metacont: Meta-analysis of continuous outcome data

Description Usage Arguments Details Value Note Author(s) References See Also Examples

View source: R/metacont.R

Description

Calculation of fixed and random effects estimates for meta-analyses with continuous outcome data; inverse variance weighting is used for pooling.

Usage

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metacont(
  n.e,
  mean.e,
  sd.e,
  n.c,
  mean.c,
  sd.c,
  studlab,
  data = NULL,
  subset = NULL,
  exclude = NULL,
  median.e,
  q1.e,
  q3.e,
  min.e,
  max.e,
  median.c,
  q1.c,
  q3.c,
  min.c,
  max.c,
  method.mean = "Luo",
  method.sd = "Shi",
  approx.mean.e,
  approx.mean.c = approx.mean.e,
  approx.sd.e,
  approx.sd.c = approx.sd.e,
  sm = gs("smcont"),
  pooledvar = gs("pooledvar"),
  method.smd = gs("method.smd"),
  sd.glass = gs("sd.glass"),
  exact.smd = gs("exact.smd"),
  method.ci = gs("method.ci.cont"),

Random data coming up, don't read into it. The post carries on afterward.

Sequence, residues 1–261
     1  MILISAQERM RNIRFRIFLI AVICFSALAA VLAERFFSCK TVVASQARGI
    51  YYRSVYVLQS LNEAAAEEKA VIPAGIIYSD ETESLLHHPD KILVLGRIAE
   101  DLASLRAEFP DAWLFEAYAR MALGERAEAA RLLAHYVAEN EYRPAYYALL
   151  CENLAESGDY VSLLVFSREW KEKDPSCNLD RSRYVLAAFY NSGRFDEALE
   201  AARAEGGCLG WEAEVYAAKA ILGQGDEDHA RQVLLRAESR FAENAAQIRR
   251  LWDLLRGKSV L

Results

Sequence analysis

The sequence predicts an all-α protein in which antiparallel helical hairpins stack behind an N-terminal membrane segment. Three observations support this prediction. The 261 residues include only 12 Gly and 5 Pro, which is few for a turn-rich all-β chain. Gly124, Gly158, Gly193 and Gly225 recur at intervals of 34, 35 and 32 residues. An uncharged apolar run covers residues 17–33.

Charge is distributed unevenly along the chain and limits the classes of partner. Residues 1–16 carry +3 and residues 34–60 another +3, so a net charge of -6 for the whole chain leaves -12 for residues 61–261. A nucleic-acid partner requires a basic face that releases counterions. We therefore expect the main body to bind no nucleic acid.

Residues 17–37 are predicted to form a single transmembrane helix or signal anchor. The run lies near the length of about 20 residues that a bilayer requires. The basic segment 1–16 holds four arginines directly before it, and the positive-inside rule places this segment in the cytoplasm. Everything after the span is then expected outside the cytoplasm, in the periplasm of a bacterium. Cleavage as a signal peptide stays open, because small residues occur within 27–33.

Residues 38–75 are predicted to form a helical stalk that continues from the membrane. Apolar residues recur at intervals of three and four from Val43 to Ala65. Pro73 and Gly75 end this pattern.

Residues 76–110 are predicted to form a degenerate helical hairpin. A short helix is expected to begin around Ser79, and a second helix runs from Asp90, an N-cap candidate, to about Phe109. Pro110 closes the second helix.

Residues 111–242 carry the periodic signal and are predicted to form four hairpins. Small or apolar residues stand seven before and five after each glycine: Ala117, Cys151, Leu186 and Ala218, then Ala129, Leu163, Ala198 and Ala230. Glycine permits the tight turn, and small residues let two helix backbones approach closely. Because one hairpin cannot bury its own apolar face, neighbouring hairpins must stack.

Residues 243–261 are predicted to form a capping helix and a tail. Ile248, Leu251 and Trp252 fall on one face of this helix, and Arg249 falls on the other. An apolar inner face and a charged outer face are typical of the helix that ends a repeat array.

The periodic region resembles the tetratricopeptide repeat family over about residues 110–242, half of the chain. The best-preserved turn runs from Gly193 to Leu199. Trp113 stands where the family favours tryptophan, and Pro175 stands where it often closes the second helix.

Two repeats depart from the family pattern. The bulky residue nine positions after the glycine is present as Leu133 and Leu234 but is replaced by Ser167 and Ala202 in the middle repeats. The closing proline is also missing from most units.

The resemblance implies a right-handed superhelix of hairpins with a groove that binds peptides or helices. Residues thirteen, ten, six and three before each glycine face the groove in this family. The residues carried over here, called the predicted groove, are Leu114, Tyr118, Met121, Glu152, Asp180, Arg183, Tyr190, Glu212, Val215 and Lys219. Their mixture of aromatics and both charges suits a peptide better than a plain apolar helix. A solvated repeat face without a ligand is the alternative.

level = gs("level"),
  level.comb = gs("level.comb"),
  comb.fixed = gs("comb.fixed"),
  comb.random = gs("comb.random"),
  overall = comb.fixed | comb.random,
  overall.hetstat = comb.fixed | comb.random,
  hakn = gs("hakn"),
  adhoc.hakn = gs("adhoc.hakn"),
  method.tau = gs("method.tau"),
  method.tau.ci = if (method.tau == "DL") "J" else "QP",
  tau.preset = NULL,
  TE.tau = NULL,
  tau.common = gs("tau.common"),
  prediction = gs("prediction"),
  level.predict = gs("level.predict"),
  method.bias = gs("method.bias"),
  backtransf = gs("backtransf"),
  title = gs("title"),
  complab = gs("complab"),
  outclab = "",
  label.e = gs("label.e"),
  label.c = gs("label.c"),
  label.left = gs("label.left"),